Two people look enough alike that one could pass for the other. Can they pass? What happens when people mistake you for someone else? What would you need to know in order to fit yourself into someone else’s life?
Authors have played with this idea for centuries. There are the separated twins in Roman playwright Plautus’s The Two Menaechmuses, Shakespeare’s A Comedy of Errors and Twelfth Night, and Dumas’ The Man in the Iron Mask (~1850); the distant relations who look identical in Anthony Hope’s The Prisoner of Zenda (1894); the similar or identical strangers in Dumas’ The Two Dianas (1846, which borrows the real-life case of Martin Guerre), Dickens’ A Tale of Two Cities (1859), Twain’s The Prince and the Pauper (1881), E. Phillips Oppenheim’s The Great Impersonation (1920), Jane Lewis’s The Wife of Martin Guerre (1941), and Josephine Tey’s Brat Farrar (1949); and the device of actually switching bodies in Thomas Anstey Guthrie’s Vice Versa (1882).
Switching places burst onto the scene of children’s books in 1942 with The Kellyhorns by Barbara Cooney. Twin girls are separated in infancy because of the death of their mother, one staying with the father, the other going to an aunt. Because of a family estrangement, the two girls have never met. When they do meet, they switch places in order to facilitate bringing together the father and the aunt, who were sweethearts long ago.
Does this sound familiar? Yes, it bears an uncanny resemblance to the movie The Parent Trap (1961), which was based on the German book Das Doppelte Lottchen (1949, English title Lottie and Lisa), by Erich Kästner. Kästner first proposed his idea in 1942, the year The Kellyhorns was published.
In The Kellyhorns, Pamela is raised by Aunt Ivory, a disappointed spinster whose greatest joy in life is winning the quilting competition at the county fair. Penny is raised by Barnabas Kellyhorn, the girls’ “Puppa.” They live a few towns over from Ivory and Pamela, on a small island in the bay.
Once the two girls have connected, they hatch their plot to bring Ivory and Barnabas together, but first they have to make sure they will each like the other parent. On a visit, they simply swap clothes and redo their hair, and Penny goes home to Aunt Ivory, while Pam stays with Barnabas. Penny has to get used to Pam’s pink-and-white bedroom, her dresses, Aunt Ivory’s rules. Pam has to get used to wearing overalls and climbing a rope ladder to her attic bedroom. Penny is helped by Pam’s best friend, who is in on the secret, and likewise Pam is helped by Penny’s cousin-and-adoptive-brother Barney. Neighbors have to be memorized in a hurry, as well as a map of the town, and each girl has to deal with being better and worse in different school subjects than the other. This book digs a lot of fun out of the hazards of faking an identity. It’s a puzzle why books that use this premise so often don’t do it full justice.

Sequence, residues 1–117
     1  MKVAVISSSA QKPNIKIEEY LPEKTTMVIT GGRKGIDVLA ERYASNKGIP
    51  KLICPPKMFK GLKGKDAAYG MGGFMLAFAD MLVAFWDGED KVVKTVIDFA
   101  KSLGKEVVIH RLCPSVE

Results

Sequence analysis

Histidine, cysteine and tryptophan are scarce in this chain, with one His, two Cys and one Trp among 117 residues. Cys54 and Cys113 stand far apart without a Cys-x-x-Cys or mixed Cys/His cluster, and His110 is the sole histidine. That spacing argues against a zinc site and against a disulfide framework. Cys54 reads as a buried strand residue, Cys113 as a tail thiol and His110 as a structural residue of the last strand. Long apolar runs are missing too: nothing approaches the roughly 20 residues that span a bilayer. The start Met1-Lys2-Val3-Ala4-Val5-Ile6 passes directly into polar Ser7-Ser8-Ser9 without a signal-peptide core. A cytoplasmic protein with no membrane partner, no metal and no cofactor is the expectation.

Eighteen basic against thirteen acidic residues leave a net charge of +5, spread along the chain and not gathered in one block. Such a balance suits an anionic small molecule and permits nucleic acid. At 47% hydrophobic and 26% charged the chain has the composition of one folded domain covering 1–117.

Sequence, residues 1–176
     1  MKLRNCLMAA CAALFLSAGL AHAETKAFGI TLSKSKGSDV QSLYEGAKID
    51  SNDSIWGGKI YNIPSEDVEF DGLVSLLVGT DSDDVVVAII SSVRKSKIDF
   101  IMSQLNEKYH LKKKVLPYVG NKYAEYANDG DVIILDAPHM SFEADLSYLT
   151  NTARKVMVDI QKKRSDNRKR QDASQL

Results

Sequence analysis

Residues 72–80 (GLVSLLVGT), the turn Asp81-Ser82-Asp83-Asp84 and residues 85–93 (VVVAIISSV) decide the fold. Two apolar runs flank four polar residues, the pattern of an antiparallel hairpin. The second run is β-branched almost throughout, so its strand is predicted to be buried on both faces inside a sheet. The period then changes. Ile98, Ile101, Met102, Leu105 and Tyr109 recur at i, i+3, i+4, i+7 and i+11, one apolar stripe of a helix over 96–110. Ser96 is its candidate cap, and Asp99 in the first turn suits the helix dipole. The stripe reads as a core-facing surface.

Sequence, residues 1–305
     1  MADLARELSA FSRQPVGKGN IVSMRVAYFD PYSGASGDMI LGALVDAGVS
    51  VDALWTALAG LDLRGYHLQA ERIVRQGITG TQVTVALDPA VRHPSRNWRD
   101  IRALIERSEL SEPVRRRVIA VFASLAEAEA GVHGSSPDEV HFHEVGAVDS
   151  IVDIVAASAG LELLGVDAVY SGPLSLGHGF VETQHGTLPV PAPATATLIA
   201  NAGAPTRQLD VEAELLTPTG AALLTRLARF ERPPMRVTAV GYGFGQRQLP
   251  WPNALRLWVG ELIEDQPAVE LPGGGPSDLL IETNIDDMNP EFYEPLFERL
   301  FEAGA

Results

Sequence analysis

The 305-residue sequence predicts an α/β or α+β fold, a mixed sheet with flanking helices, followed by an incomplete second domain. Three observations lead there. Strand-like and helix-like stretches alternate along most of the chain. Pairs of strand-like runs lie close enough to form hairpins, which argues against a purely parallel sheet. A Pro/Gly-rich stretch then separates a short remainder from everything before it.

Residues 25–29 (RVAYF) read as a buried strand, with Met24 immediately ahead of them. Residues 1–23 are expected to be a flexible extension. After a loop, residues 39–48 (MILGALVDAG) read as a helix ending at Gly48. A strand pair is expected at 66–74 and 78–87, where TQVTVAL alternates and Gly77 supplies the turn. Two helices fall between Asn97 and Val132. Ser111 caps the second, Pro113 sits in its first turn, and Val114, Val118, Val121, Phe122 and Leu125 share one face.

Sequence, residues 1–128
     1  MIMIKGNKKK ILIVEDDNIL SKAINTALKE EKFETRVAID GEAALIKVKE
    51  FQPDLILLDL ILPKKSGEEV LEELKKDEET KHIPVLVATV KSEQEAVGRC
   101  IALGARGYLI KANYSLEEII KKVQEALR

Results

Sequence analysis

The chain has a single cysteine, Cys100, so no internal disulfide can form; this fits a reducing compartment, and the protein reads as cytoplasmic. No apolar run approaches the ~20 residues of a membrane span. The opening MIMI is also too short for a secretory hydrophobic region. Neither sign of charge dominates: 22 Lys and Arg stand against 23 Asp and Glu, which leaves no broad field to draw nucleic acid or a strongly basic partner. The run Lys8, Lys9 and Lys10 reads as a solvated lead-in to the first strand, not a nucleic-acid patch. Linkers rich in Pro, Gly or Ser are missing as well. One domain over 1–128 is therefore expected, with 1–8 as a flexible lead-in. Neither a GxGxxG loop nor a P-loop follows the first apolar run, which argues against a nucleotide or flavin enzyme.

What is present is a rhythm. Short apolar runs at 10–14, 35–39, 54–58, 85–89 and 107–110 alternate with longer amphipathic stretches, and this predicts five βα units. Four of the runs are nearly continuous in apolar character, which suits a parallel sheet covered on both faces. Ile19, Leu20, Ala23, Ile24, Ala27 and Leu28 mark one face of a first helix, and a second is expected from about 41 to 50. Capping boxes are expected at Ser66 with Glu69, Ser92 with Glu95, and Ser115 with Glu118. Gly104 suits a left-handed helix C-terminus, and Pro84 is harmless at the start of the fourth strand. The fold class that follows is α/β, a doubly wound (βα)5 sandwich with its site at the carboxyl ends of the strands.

There’s a lot more to The Kellyhorns as well. Aunt Ivory may seem prim, but she is fully capable of pulling a revolver on a bad guy, and before she settles down with Barnabas she fulfills her life-long dream of running away to join the circus. Then there is the bad guy, Rusty Hanna, a disreputable drunk who is cruel to animals and whose role in the story is rather similar to that of Injun Joe in Tom Sawyer. (My daughter confused them for a while, referring to both characters as “Rusty Engine.”) His vendetta against the Kellyhorn family, begun when Aunt Ivory refuses to give back his mistreated cat, leads to a highly dramatic climax. Even after the twins’ ruse is over, their identical looks figure in the resolution of the plot. There are also numerous sub-plots, deftly woven together, including finding out where Aunt Ivory ran away to, Barnabas reconnecting with his long-absent brother, a beloved member of the community framed for a crime committed by Rusty Hanna, and two old people finding love.
Since The Kellyhorns, numerous children’s books have used this switched-identities plot device. The aforementioned Lottie and Lisa and The Horse and His Boy (C.S. Lewis, 1954) use twins separated at birth. Devices such as time travel, in Jessamy (Barbara Sleigh, 1967) and Charlotte Sometimes (Penelope Farmer, 1969), or witchcraft, in Charmed Life (Diana Wynne Jones, 1977), replace one child with another, requiring them to fake an identity with very little to go on. Freaky Friday (Mary Rodgers, 1972) re-uses the concept of Vice Versa, with a daughter and her mother switching bodies. Father’s Arcane Daughter (E.L. Konigsberg, 1976) takes more of the Martin Guerre approach, in which a person resembling a long-missing family member turns up, having first pumped background knowledge from an informant.